If you’re ready to start a family, you’ve probably already begun to look into ways to increase your chances of getting pregnant – or even begun to wonder what sorts of fertility issues you may need to overcome. Before you worry any longer, it’s important to remember that your fertility depends on a range of factors. And most importantly, a number of things that could impact your fertility can be controlled and managed right at home!
For example, good nutrition plays an extremely important role in addressing potential fertility issues. In fact, one of the best things you can do to help increase your chances of pregnancy is evaluate your diet and confirming that you’re meeting a number of basic nutritional needs. So if you’re ready to start a family, you need too integrate these six fertility-related nutritional tips into your meals and snacks:
Eat plenty of fruit and vegetables. Less than 15% of Americans eat the amount of fruit and vegetables that experts recommend eating each day. Fruits and vegetables provide a natural supply of vitamins, minerals, and micronutrients, all of which contribute to creating a healthier you. This already existing deficit can become an even bigger issue when trying to conceive. Some women find that failing to eat enough produce impacts their ability to ovulate – or, in some cases, even increases the chances of an ova being damaged before ovulation. To begin to correct these potential fertility problems and to help your body support an eventual pregnancy, you should aim to eat at least 2 cups of fruit and 2 1/2 cups of veggies a day, if not more. Fruits and vegetables with lycopene, folate and vitamin C are especially recommended, as each of these nutrients have been linked to increased fertility.
- Up your iron intake (with your doctor’s approval). Iron is an extremely important mineral for good health, even when women are not trying to conceive. It’s also a mineral that needs to be replenished regularly, as women lose iron during their menstrual cycle. Failing to replenish your body’s reserves can definitely impact fertility; research has even shown that taking iron supplements reduces a woman’s risk of suffering from ovulatory infertility (an inability to produce healthy baby-making eggs). The trick is knowing just how much iron you ought to consume to stay healthy. Multiple factors can affect your iron needs, including how heavy your periods are, if you are on a diet currently limited in iron, or whether you deal with medical issues that affect iron levels or not. To ensure that you’re getting exactly what you personally need, meet with a doctor or nutritionist who can test your iron levels, examine your medical history, and determine how much iron would best benefit your health.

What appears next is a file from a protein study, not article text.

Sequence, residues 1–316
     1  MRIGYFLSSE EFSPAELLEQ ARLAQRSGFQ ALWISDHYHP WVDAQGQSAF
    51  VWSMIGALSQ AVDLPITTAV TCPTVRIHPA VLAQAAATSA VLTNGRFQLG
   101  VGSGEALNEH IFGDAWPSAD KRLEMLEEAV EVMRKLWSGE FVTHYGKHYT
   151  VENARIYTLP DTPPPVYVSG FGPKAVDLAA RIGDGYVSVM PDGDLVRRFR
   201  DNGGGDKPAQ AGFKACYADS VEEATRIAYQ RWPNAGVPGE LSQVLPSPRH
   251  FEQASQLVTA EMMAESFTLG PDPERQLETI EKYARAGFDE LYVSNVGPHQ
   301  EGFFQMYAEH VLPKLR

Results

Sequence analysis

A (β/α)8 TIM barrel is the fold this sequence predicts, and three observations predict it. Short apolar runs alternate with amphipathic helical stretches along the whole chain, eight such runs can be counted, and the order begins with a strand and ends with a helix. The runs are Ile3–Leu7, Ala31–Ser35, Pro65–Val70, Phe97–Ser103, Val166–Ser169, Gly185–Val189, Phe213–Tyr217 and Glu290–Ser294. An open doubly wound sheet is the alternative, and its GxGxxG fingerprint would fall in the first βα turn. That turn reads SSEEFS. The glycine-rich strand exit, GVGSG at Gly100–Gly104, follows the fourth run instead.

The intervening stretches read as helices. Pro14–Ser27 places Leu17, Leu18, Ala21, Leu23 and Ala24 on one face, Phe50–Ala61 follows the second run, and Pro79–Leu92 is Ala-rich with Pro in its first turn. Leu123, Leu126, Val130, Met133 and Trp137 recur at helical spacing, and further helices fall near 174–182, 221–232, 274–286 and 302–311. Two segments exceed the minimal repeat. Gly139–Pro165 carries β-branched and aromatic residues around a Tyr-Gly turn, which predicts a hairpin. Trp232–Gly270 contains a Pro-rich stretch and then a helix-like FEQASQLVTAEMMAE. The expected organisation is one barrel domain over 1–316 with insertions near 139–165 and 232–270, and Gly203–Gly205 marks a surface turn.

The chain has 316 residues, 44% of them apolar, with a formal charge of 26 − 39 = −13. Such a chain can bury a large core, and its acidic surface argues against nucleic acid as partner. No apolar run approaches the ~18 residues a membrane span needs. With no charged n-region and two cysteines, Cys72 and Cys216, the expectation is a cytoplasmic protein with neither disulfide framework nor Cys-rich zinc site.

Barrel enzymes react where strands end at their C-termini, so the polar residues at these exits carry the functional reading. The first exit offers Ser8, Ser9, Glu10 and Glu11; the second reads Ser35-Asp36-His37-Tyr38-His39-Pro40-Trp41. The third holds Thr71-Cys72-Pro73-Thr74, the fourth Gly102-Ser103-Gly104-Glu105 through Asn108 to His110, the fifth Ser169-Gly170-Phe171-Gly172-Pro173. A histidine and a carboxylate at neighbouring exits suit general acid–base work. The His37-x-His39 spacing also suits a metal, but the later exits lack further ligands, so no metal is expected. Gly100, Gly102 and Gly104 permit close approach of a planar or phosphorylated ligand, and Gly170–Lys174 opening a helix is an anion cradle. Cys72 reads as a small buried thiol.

- Eat the right kinds, and right amounts, of protein. Though iron is important when it comes to fertility, it’s just as important to not go overboard when eating common meat sources of both iron and protein. Too much protein, particularly protein that’s high in calories or fat, has been linked to decreased fertility. To avoid this issue, you should at least stick to about two or three daily servings of lean animal protein sources. But there are other things you can do to make sure you’re getting the most out of your protein sources. For example, it’s recommended that you avoid processed, smoked and raw meats. It’s also recommended that you eat more than beef, pork or chicken to get your protein servings in. Seafoods, particularly those with omega-3 fatty acids, are highly recommended when boosting fertility, as long as you avoid fish known to be high in mercury. You may even be able to improve your fertility by replacing a serving of meat each day with a vegetable or dairy source of protein instead. Beans, peas, soybeans or tofu, or nuts are all great options for this!